We had everything from actual plays to space operas to period pieces to contemporary romance. These talented storytellers captured womanhood, and women on stage and screen, in all their beautiful, wonderful glory. In the end, I was only able to take ten stories. These are the ones that made me laugh and cry and want to sing. There are erotic and sensual tales, gender non-conformity, trans women, lesbians and bisexuals, politics, falling in love, parenting, youthful crushes, opera, toe-tapping musical numbers, death-defying stunts, humor, and more. This anthology is a celebration.
A.M. Leibowitz, editor
Full disclaimer. I was given a copy of this anthology by the publisher in exchange for an honest review. I am going to break it down into reviews of individual stories, then round up with a review of the finished anthology.
1.Presenting the Revival of Jan by Aila Alvina Boyd
I really wanted to like this story. In fact, I was really excited about the whole anthology, and when this one first started, I was pleased that there was immediately trans* representation. However, the writing style felt naive (whenever someone’s hair is described as “locks” it makes me want to hurl my Kindle across the room) and there is a lot of show and very little tell. Because of this, and I imagine because of the word limit, there is very little character development, and the relationship, such as it is, seems to spring from nowhere. As such, I felt no connection with the characters, or their emotions. I think perhaps it would have benefited from focusing on one point of the story, and fully developing it, rather than trying to cram so much into a small word limit. I would also like to add that kissing someone cannot save them from a mental breakdown, or any other mental health issue. This stretched the boundaries of imagination too far for me. Mental health issues aren’t cute, and true love cannot save you from them. That said, I liked the concept and the hopeful nature of the story and the fact that we get a happy ending, which is very much my main reason for reading.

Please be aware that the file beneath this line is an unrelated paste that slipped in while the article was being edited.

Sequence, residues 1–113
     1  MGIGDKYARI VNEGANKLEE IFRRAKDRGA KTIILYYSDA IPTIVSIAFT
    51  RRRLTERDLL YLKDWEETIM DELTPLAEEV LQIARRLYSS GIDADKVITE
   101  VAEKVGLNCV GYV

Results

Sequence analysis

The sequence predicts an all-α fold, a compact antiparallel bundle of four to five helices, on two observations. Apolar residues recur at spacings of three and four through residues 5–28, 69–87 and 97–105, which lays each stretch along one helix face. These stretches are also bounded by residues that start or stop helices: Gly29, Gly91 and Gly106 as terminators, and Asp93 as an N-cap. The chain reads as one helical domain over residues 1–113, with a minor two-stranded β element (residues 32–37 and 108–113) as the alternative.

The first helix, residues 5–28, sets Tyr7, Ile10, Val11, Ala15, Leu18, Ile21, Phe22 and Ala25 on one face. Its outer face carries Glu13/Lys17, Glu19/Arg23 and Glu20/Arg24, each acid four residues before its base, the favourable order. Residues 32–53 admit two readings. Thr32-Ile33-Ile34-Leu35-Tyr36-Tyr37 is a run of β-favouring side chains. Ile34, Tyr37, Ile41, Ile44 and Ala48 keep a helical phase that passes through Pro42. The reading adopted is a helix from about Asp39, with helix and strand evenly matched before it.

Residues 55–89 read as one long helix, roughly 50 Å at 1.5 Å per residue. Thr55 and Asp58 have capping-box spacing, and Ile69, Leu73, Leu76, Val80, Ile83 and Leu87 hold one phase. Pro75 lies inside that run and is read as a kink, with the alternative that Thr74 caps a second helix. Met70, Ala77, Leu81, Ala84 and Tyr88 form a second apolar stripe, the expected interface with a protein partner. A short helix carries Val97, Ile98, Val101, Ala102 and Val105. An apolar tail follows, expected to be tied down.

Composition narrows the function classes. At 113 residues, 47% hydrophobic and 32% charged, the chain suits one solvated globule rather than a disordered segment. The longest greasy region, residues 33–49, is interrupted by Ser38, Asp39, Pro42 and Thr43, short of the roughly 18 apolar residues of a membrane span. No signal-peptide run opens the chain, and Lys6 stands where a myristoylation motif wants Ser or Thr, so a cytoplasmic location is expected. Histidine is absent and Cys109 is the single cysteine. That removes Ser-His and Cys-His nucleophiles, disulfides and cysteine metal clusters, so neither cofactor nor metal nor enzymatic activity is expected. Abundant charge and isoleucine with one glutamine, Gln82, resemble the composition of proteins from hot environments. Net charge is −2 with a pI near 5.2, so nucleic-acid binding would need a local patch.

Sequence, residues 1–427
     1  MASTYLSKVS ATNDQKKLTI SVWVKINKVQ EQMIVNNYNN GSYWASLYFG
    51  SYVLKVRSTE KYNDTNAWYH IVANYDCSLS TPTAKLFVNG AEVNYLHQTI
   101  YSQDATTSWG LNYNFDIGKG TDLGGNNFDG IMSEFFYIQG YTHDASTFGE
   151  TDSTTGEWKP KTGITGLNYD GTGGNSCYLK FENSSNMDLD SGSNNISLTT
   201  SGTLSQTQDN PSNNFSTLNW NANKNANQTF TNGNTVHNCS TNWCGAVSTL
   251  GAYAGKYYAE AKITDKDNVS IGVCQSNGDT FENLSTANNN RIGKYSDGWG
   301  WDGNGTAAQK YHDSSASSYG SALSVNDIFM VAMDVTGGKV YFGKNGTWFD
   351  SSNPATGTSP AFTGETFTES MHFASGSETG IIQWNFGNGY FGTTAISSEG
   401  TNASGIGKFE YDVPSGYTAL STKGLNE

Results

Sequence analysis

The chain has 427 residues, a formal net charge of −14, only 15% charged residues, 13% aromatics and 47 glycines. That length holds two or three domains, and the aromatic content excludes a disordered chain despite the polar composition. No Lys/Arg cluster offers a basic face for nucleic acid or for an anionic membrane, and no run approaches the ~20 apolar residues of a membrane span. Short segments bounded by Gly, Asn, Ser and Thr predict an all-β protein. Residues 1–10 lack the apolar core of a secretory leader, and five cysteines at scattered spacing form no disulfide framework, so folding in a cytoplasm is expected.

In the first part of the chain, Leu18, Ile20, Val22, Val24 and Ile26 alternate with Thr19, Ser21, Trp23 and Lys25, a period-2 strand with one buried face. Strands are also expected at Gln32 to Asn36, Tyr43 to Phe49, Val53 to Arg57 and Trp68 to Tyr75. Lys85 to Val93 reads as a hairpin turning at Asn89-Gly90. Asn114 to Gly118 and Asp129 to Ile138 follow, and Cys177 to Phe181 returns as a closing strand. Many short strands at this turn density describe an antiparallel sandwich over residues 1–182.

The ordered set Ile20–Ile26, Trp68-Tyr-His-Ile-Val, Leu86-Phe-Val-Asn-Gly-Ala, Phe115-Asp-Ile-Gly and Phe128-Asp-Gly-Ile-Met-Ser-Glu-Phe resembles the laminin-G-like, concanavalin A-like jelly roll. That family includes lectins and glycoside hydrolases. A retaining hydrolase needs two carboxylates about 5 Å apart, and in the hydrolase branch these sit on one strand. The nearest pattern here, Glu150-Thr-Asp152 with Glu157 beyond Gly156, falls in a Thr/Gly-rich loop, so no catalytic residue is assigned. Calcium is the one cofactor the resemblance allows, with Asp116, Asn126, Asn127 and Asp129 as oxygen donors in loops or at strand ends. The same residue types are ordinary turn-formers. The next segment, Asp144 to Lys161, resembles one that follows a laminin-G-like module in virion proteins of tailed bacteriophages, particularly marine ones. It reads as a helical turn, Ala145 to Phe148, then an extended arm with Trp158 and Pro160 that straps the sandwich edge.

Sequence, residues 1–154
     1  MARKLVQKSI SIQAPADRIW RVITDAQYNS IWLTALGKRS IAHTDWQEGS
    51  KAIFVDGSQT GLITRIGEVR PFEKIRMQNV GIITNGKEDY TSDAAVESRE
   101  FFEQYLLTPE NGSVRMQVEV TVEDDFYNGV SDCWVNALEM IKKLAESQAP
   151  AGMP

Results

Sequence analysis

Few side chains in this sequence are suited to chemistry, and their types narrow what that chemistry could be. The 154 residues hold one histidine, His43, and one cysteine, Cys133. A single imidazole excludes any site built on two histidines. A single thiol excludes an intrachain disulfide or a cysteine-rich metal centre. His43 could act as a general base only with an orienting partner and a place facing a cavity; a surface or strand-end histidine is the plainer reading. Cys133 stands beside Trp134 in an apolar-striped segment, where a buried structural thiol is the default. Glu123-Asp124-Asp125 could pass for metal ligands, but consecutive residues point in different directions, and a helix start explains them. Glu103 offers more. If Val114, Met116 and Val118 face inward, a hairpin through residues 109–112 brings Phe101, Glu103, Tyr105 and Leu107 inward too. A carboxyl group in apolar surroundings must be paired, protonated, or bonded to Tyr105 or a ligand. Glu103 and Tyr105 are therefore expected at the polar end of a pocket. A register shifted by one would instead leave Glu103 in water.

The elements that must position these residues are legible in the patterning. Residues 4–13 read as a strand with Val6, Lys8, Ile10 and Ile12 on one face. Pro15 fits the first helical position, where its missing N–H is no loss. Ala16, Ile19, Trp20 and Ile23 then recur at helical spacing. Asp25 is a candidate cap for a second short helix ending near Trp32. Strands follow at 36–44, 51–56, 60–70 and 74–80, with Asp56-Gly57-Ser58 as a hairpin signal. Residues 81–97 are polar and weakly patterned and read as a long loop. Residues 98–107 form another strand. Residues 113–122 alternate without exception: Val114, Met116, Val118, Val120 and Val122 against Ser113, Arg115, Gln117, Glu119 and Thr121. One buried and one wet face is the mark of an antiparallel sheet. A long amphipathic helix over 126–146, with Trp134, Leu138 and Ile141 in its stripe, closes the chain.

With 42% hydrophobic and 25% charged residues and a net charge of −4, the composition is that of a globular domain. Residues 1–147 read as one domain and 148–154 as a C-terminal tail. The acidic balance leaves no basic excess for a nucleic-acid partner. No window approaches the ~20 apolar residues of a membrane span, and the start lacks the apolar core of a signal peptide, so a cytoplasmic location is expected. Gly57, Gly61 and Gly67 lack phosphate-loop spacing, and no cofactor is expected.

So, for this one it’s 5/10.
2. The Helsinki Incident by Renee Young
I really liked this story. A rock band touring space, what’s not to like, right? I love the fact that we are thrown into the lives of the characters without being spoon fed. It feels gritty and real, and every part of it, including the sex scenes are well done. Usually these would be a cringe moment for me, so the author gets an extra star! The characters felt real, and there was no back story (it wasn’t needed) so the story did not feel rushed, it felt the perfect length.
Over all very enjoyable, so 9/10
3. I, Stage Manager by Marolyn Krasner
I didn’t think I was going to like this when I first started reading. It felt a bit like it was trying too hard to be lesbian… But trust me when I say it gets better, so persevere. I liked the light sketches of the characters, which were just enough to paint a scene, but not overwhelming in a short story, and I liked Robbie’s internal monologue. I was surprised to find out she was only 26, the impression given was that she was at least in her 40s! I liked the fact that the story covered a very short space of time, and so worked within a reasonably short word limit. However, I felt the ending was too rushed, as though totally avoiding any emotional connection in favour of boom, we’re done, there’s your happy ever after.
Overall, I enjoyed it, though, so it’s a solid 6/10.
4. End of an Era, By Athena Blue
I really loved this little short. It was historical fiction, which I always enjoy, and was totally understated. It left me with more questions than answers, and a feeling of “was that it??” but, equally, I feel it was just the right length and achieved exactly what it set out to. I would love to know what happens next to the characters. Maybe in the next anthology, eh?
For a sweet, understated story, this gets 9/10.
5. Knife’s Edge by Geonn Cannon